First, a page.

The volume under review is a product of the intense debate on fundamentalism generated by the events of 9/11 in the US. Written by a group of scholars from Canada, its aim is to analyse not only “Islamic fundamentalism” to which much attention has been devoted, but to go beyond and to explore the meaning of fundamentalism so as to give it theoretical precision; and second, to work towards a project for contesting the claims of fundamentalism. Interestingly each chapter reflects some personal experience and involvement on the part of the contributors—due to connections with fundamentalist communities—including for some a feeling of vulnerability, which makes the book more than an academic treatise. The editors argue that it has immediate value because of the dangers of increasing violence that fundamentalism poses of which the invasion of Iraq is a significant example and the potential of creating a fascist state as in Europe where an extreme right-wing movement was an essential part of the rise of fascism.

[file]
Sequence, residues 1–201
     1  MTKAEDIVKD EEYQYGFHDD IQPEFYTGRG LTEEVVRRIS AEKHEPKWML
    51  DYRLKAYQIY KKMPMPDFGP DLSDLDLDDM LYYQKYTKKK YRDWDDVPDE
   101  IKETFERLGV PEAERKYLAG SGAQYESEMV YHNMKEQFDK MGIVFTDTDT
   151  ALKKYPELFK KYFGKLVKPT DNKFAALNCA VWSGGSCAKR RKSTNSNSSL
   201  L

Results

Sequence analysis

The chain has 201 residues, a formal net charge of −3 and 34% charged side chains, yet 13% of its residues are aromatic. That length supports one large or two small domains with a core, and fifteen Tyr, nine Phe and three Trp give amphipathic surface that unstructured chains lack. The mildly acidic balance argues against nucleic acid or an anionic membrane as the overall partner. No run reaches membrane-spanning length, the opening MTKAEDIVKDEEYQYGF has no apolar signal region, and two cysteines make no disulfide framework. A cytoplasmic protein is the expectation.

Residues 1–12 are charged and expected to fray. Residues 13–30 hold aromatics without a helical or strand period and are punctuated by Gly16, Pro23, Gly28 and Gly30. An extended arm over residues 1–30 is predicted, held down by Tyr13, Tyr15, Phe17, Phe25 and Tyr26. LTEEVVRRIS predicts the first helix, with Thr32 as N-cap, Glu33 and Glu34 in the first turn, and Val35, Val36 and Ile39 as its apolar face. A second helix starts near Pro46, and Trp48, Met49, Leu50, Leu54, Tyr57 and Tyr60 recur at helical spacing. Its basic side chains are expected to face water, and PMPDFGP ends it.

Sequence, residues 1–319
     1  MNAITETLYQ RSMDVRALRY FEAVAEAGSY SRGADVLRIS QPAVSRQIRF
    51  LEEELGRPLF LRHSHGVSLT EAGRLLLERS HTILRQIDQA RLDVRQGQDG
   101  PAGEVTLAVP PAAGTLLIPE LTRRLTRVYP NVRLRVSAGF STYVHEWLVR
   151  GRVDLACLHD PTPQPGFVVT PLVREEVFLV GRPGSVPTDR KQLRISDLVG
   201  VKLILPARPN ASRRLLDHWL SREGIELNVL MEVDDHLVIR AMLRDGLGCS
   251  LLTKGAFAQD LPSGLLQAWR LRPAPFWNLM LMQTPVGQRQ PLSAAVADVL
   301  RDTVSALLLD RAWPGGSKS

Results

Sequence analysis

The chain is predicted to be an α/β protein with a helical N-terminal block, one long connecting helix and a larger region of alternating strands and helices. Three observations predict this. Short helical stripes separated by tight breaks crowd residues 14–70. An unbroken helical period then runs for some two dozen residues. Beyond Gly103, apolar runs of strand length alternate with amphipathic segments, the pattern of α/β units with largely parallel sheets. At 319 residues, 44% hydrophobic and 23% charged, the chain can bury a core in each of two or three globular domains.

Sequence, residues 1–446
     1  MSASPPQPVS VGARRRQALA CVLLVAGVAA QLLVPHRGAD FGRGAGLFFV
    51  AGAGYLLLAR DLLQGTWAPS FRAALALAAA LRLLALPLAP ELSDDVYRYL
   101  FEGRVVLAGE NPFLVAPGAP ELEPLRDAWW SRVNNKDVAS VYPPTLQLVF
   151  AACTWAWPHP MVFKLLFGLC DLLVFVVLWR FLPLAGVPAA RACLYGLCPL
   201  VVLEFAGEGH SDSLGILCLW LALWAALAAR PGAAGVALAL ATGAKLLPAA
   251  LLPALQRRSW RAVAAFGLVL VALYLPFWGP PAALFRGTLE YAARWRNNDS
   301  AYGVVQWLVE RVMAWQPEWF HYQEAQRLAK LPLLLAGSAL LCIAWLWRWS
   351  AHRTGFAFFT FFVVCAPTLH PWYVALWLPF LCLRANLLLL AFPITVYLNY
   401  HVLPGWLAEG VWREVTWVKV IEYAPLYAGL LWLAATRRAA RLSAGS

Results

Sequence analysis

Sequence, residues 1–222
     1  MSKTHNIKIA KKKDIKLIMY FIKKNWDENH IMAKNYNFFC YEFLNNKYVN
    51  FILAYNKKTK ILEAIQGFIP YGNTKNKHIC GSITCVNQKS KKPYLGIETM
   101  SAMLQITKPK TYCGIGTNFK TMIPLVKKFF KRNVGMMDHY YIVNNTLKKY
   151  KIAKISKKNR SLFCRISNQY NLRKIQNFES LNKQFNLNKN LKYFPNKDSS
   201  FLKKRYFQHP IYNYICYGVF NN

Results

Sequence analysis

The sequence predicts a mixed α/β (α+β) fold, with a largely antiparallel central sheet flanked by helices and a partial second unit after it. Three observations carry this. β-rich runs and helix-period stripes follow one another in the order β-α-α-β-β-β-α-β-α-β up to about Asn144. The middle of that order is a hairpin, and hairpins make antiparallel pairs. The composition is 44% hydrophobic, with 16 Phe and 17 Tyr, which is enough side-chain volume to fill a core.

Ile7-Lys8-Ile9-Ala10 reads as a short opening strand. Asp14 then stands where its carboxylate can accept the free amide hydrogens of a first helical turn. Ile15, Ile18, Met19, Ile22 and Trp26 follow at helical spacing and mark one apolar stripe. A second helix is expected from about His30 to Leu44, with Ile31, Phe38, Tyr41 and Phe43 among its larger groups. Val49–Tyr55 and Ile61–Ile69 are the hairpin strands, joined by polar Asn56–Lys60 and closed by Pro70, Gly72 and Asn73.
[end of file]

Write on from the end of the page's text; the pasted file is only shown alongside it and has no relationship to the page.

July 2006, volume 30, No 7